So you wanna be a rock star!
Oops, wrong article. Let's try that again.
So you wanna explore the sonic mayhem that can be whipped up by flinging the vibrations from six metal-wrapped strings affixed to a piece of wood through a cranked amplifier.
Now we're talking. If you're interested in doing something with your guitar beyond the scope of the already-accomplished and the drop-dead boring, you'll need to start thinking outside the box. Flashing the pentatonic just ain't gonna cut it. That's where getting creative with the guitar's sonic possibilities comes in.
Your playing scenario may not be especially extreme, but if your explorations have only taken you to feedback howls while you wait for the drummer to signal the final sting at the end of each song, read on. You might pick up a few new ideas for soloing, writing parts, and end-of-song hot-dogging that'll turn heads your way.
I'm drawing on my own experience here, so you should know about my sonic surroundings and how they've influenced the playing I'm going to describe. I play in a wacky little improv combo called Flesh Test, which features guitar, bass, drums, and violin. We never rehearse and we don't have any songs. We just get onstage and go berserk at piercing volume for 45 minutes. We play downtown in New York City, where some people actually find this entertaining.
The bassist and the violinist know what they're doing-they studied microtonal music and ear training at Boston Conservatory, yada yada. The drummer is a polyrhythmic pounder who also happens to know the guitar, and music theory, inside and out. So, I knew my work was cut out for me from day one. Here's how I've handled my guitar playing in this the scene.
Step One: Volume & Crrrrunch
I knew I had to be loud. And heavy. After all, I had to compete with both the violinist-who blasts through a super-loud amp and further thickens his tone with distortion, harmonizing, and delay-and the drummer who's just plain loud. I bought a Boss Metal Zone pedal to beef up the already delicious crunch from my Marshall head and set everything like this. With this setup I got monster tone and heavenly feedback-but oy, the noise! Which brings us to Step Two.
Step Two: Looz the Noiz
Anyone seeking to pile effects and mega-distortion onto a signal is best off using some noise suppression. (The best noise gate for the price, in my humble opinion is the Boss NS-2 Noise Suppressor pedal.) Plug it in after the Metal Zone and before delay, chorus, tremolo, or any other pedal effects. I set up my pedal board like this, using an MXR power amp to boost the signal from my guitar.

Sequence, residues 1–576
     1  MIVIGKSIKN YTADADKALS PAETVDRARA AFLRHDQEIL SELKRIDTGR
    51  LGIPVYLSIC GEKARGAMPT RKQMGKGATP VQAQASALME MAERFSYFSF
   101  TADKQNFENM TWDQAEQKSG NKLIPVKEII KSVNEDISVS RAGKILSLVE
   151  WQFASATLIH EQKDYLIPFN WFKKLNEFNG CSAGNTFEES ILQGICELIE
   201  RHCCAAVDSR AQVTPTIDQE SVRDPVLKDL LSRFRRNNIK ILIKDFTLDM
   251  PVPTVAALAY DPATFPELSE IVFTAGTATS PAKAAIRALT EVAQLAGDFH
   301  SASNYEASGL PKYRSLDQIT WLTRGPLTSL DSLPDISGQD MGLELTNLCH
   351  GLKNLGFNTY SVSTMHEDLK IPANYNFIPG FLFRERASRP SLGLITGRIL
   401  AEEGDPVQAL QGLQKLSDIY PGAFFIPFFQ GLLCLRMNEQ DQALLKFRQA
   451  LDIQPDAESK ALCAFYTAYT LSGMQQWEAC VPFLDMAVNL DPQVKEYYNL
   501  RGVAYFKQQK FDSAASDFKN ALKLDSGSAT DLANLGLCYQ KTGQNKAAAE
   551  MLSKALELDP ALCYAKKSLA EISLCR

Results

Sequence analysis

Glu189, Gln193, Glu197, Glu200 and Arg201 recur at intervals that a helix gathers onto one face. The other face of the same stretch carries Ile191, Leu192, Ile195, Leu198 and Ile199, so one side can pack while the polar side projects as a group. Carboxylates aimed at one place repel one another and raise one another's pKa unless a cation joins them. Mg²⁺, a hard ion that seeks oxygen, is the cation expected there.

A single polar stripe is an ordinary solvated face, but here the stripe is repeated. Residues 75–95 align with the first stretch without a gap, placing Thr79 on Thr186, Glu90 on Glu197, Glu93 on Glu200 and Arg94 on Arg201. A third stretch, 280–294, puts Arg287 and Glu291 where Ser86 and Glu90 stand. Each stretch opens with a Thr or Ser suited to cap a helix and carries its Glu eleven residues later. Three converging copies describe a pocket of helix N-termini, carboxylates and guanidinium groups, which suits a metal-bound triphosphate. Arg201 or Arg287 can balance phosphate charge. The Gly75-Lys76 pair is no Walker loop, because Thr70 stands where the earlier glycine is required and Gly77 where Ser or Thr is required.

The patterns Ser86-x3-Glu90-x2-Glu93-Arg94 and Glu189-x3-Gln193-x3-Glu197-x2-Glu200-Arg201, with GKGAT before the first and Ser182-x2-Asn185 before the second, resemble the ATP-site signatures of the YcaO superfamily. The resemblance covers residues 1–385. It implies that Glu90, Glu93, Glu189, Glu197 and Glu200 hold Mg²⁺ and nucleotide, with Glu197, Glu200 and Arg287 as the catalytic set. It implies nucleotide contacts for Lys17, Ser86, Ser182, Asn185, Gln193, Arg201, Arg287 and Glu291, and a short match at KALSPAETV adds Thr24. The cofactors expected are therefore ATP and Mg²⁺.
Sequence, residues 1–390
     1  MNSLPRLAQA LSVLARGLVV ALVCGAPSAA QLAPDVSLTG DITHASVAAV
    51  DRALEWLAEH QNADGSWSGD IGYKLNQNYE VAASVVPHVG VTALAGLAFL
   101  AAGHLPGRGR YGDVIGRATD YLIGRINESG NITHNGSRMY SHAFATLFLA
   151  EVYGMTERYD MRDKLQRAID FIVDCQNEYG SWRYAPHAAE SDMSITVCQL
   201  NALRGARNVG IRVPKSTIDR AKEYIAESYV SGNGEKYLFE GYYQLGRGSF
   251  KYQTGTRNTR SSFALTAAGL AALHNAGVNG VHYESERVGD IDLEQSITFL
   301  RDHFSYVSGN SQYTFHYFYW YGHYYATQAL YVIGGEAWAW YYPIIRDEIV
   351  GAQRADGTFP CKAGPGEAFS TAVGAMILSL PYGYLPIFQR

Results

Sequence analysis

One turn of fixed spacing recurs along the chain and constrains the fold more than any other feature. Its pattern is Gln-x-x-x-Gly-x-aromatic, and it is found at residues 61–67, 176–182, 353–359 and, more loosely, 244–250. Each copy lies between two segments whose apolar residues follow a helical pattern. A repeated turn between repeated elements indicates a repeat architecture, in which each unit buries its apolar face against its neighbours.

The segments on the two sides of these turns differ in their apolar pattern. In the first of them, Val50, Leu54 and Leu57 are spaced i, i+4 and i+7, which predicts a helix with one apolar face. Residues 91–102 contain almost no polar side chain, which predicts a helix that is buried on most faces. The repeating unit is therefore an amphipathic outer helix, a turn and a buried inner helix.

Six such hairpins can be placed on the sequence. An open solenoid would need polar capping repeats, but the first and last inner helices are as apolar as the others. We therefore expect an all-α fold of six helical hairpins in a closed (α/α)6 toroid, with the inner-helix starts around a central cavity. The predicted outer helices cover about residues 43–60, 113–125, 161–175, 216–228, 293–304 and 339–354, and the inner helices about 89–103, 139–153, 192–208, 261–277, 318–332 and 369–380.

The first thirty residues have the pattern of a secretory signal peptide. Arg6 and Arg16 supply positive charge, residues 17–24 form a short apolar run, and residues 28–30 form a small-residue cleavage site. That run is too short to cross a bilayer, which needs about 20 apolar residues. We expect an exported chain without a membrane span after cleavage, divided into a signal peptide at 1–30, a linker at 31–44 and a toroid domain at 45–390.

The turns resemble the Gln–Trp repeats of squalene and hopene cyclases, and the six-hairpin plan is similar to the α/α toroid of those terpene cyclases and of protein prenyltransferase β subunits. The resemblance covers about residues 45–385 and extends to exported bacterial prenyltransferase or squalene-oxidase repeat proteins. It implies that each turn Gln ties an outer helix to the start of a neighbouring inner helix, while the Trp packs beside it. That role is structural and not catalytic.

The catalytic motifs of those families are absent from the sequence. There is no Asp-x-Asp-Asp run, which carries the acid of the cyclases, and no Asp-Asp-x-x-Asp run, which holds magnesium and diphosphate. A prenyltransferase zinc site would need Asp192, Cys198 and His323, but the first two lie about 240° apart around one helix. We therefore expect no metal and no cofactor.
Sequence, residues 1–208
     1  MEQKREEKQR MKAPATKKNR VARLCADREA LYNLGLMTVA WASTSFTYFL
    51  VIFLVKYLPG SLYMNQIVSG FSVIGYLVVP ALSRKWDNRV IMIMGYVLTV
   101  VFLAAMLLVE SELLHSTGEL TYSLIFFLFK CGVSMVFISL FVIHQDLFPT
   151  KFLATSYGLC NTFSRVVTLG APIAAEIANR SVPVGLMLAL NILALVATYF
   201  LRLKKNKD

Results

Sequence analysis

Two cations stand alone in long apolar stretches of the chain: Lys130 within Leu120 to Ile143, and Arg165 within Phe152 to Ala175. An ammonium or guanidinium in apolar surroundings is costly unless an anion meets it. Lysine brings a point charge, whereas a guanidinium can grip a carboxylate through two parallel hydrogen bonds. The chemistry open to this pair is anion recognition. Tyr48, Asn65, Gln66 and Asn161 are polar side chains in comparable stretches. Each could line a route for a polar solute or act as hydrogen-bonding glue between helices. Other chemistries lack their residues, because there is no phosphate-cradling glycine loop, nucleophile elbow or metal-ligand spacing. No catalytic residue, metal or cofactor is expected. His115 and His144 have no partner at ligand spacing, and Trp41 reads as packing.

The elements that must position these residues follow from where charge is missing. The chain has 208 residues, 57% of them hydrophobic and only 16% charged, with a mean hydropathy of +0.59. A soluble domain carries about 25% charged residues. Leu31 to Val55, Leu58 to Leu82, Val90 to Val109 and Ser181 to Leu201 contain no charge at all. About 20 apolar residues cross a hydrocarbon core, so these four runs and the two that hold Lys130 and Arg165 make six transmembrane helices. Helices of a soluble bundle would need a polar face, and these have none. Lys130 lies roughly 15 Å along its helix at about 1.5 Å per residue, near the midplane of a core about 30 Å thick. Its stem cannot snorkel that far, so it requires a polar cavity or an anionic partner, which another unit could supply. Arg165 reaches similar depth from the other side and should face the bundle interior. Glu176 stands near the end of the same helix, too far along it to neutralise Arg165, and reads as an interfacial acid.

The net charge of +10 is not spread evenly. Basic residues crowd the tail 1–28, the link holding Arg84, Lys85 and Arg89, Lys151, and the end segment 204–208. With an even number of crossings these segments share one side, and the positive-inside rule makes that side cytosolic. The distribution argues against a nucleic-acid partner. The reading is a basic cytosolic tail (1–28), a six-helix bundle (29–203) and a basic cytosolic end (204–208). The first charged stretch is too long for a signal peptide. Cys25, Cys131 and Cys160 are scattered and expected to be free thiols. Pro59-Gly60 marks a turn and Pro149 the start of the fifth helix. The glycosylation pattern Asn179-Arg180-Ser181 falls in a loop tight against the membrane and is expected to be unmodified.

Unlike pricey rack de-noisers, pedals like the NS-2 manage to stifle all noise and hum without weakening your tone one iota. To set the controls, start with both threshold and decay turned all the way down. Turn on the effect you need to de-noise and start turning the threshold dial up until the noise is gone. This may be all you'll need to do, but if your sound doesn't trail off naturally, turn the decay knob clockwise until it does. Ahhhmuch better! Now I've got both demonic power and exquisite silence at my command, perfect for sounds like this, which is the introduction to "Nemo," a cut off the Flesh Test's Response To Hornblas (Hornblas being the demon of musical dischord, of course.) Nasty!
Slide Past the Rules
But what to do with all this power? Well, you could play power chords but, hey, it's been done. With so much signal and drive, the strings react to everything. What about taking a metal slide and banging it on the strings? Hold the slide in your right hand between your thumb and middle finger and press it flat against four to five strings in the area between the end of the fingerboard and the bridge-right over the pickups. Lift the slide up and press it down again in a different area. Try slanting the slide to further mess with the pitches. Play some chords with the left hand at the same time, if you want. I used this technique (if you want to call it that) with some delay piled on top of it for the intro to "777."
Another neat and unorthodox slide technique is to take the round end of a metal slide and tap it lightly against the strings, right near the bridge this time, where the strings are really tight. Use a clean sound and it'll sound like pizzicato violin or Chinese water torture, depending on your point of view. Try tapping on just one string at a time, or catching several with the edge of the slide.
Of course, if you must, you can use the slide to play notes and melodies (gasp!). But to dress it up, try using a volume pedal to hide your attack on the strings. Pull the volume pedal all the way back to mute your sound when you hit the strings, then crank it immediately forward. This gives you a horn-like tone that sounds like this. If you don't have a volume pedal, try to create volume swells with your right-hand pinky on your guitar's volume pot. This takes some coordination, but hell, you're a guitar player.
And definitely don't forget the glories of feedback. Instead of carefully damping all the strings that aren't involved in the slide solo, like your guitar teacher taught you, let one or two of them feed back. Mix this in with your solo and you can actually get two notes going at once. There you have it: Tibetan throat singing for guitar.
Be sure to tune in next time to learn how to make your guitar sound like a sitar by using your whammy bar backwards. In the meantime, go stretch your ears with recordings by anarchistic guitarists like Elliott Sharp (sonic composition), Dave Tronzo (amazing horn-like slide), and Fred Frith (sticks, combs, cymbals, and furniture). After all, the point of picking up a guitar in the first place is to, as Sharp puts it, "break into your own voice.
Debra Devi is the lead singer/guitarist for the rock band Devi. [www.devi-rock.com]